In the basement of the Father Ryan Arts Center in McKees Rocks is a workshop where a dozen students are turning out plates, vases and other works of pottery adorned with paint and glazes that delight the eye with vibrant colors.
The students are taking one of the Rev. Don Fisher's pottery classes.
Sherine Raymond, a first-grade teacher in Sto-Rox School District, was creating what she called a "fairy castle" out of clay. The castle, with its triangular and round windows, looked as if a family of hobbits, the fictional heroes of "The Lord of the Rings" could march out of it at any time.
"All of my projects are handcrafted, created without a potter's wheel," she said.
"Father Don is an expert at the wheel and other students like the wheel, but for me, using the wheel is very a humbling experience and one that I haven't mastered yet," she said.
Under Father Fisher's teaching, however, she has created objects that include clay pumpkins and trays. She has shown them to her first-grade students, sparking an interest in some to make their own creations out of clay.
Another student, Maureen Harris from Monroeville, said she knew Father Fisher and when she found out he created pottery, she wanted to learn how to do it, too.
"He always inspires us," she said as she finished painting a vase during a class last week.
Antonia Beiter, Ms. Harris' sister, said she took a previous class in pottery at the art center and decided it wasn't for her. But through the class, she discovered mosaics made from broken pieces of colored tile, and "it changed my life," she said.
She now creates her own mosaic artworks, often using objects she has found, such as broken bowls and pieces of glass, to create three-dimensional works of art. One is a tribute to the artist Andy Warhol that uses old soup cans.
"It's just fun to be here," she said of her visit to the class.
Teaching pottery at the Father Ryan Arts Center in McKees Rocks is something of a homecoming for Father Fisher, who now lives on the South Side.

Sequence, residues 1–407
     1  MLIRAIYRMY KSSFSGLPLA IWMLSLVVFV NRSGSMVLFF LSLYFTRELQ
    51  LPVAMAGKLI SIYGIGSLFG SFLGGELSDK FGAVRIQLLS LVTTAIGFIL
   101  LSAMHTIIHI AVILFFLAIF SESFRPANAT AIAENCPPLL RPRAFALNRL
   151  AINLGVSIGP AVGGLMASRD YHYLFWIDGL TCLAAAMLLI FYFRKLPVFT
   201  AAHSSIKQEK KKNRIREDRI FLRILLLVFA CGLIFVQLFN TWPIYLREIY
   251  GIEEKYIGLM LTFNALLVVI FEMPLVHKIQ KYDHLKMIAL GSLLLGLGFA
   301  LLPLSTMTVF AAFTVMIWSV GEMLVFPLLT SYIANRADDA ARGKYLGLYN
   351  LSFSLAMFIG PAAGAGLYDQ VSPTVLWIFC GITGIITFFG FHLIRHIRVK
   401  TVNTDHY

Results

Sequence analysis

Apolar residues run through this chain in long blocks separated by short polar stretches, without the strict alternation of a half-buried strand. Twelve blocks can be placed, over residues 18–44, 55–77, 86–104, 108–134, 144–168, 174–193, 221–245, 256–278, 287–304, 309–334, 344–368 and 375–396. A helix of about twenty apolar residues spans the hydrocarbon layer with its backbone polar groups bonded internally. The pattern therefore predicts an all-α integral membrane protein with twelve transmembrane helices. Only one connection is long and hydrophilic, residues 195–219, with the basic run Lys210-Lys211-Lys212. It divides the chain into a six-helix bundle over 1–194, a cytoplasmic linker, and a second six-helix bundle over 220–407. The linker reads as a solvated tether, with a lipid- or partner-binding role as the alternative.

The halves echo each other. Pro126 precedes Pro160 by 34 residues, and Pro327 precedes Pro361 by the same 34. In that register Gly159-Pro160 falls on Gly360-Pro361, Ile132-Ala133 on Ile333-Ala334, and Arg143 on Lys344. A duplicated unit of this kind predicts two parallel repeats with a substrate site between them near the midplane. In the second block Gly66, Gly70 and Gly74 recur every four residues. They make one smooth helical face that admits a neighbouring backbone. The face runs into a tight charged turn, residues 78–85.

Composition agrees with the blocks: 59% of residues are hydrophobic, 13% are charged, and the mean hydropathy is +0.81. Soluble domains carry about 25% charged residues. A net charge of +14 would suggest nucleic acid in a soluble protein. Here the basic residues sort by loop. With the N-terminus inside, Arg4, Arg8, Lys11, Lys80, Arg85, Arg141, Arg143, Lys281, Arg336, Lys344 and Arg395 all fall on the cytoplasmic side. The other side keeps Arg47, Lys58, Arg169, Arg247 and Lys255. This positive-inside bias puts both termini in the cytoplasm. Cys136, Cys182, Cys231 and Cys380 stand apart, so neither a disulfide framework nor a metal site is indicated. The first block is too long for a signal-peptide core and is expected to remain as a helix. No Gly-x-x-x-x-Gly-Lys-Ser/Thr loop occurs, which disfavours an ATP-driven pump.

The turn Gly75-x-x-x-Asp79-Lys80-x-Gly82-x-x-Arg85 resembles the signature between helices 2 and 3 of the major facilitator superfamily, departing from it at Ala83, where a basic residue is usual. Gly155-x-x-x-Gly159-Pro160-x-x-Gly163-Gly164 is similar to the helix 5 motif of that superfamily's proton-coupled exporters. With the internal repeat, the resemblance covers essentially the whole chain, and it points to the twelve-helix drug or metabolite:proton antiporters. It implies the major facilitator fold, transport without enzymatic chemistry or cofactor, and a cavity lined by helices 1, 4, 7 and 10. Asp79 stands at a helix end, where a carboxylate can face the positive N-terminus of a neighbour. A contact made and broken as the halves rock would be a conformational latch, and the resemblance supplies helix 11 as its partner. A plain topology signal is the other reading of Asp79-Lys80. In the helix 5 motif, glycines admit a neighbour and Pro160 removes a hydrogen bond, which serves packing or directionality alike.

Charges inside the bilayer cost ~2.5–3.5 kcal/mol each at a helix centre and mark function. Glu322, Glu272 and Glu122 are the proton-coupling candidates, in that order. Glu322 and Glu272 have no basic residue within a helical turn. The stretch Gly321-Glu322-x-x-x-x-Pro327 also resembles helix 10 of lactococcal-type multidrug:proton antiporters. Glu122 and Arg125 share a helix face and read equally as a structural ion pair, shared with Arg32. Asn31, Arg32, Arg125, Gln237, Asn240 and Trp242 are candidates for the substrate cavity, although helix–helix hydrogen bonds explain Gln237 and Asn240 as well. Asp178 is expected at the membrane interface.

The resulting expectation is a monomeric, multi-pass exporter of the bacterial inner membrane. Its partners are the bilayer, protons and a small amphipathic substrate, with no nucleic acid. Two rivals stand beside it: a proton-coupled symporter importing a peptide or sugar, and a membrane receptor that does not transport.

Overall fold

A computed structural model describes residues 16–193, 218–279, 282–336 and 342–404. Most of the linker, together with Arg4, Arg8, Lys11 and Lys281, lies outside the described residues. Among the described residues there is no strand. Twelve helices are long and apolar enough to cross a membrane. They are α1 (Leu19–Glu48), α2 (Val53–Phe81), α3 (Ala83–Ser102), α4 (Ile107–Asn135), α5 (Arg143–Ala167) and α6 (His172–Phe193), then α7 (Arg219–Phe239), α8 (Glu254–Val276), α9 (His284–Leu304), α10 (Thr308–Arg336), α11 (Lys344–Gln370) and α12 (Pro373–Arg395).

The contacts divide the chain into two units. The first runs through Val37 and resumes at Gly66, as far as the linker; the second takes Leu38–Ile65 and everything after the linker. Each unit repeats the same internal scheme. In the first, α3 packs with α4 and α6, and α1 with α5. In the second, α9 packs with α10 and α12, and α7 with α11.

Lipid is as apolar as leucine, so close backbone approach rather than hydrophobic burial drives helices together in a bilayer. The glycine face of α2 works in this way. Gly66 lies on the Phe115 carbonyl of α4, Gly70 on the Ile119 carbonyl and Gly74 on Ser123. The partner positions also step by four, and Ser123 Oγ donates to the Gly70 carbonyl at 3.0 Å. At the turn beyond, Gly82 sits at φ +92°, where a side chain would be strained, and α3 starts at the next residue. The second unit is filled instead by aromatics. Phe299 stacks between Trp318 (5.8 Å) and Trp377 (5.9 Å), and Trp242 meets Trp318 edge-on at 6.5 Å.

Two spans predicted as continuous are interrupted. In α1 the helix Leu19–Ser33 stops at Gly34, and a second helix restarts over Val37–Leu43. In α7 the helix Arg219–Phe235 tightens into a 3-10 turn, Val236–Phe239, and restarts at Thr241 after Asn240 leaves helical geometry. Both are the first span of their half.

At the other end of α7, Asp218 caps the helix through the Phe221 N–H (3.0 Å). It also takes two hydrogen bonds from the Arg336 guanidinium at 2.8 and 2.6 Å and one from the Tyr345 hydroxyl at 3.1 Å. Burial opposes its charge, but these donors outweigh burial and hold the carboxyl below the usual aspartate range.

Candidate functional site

In the 1960s, he served the community as a neighborhood priest and founded Focus on Renewal, a social service organization that offers a range of health and anti-poverty programs for McKees Rocks residents. Then he left for a post in Tanzania in Africa.
Father Regis Ryan succeeded him and continued the work of Focus on Renewal, which eventually led to the establishment of the Father Ryan Art Center on Chartiers Avenue in 2008.
The center offers classes and programs in the arts for children and sponsors adult classes such as pottery, which is one of the more popular offerings.
"It's thrilling to see the seed planted in the mid-'60s maturing," said Father Fisher, who is now retired. "I am having a marvelous time teaching."
He said he was drawn to carving, painting and pottery as a way to express his artistic side. "I love it. As long as the passion remains, I will keep doing it," he said.
The workshop is equipped with kilns, mixers for creating the clay from raw materials, pottery wheels to shape the clay, and an extruder to form the clay into pieces that can pressed into blocks and then turned to vases, pots and even fairy castles, by students in his advanced class.
Father Fisher proudly displayed two poster boards filled with photos of the pottery created by his students. The arts center's first-floor gallery is currently showing works by Father Fisher and those of other instructors at the arts center.
One display shows the works of Matthew Critchfield, who creates film story boards, character designs and animation features.
Mr. Critchfield is teaching a class in caricature drawing next door to Father Fisher's workshop.
He said he enjoys teaching young people to draw.
"When I was 7 or 8, I went to see the movie 'Toy Story,' and right then, I knew what I wanted to do with my life," he said.
Bob Podurgiel, freelance writer: email@example.com.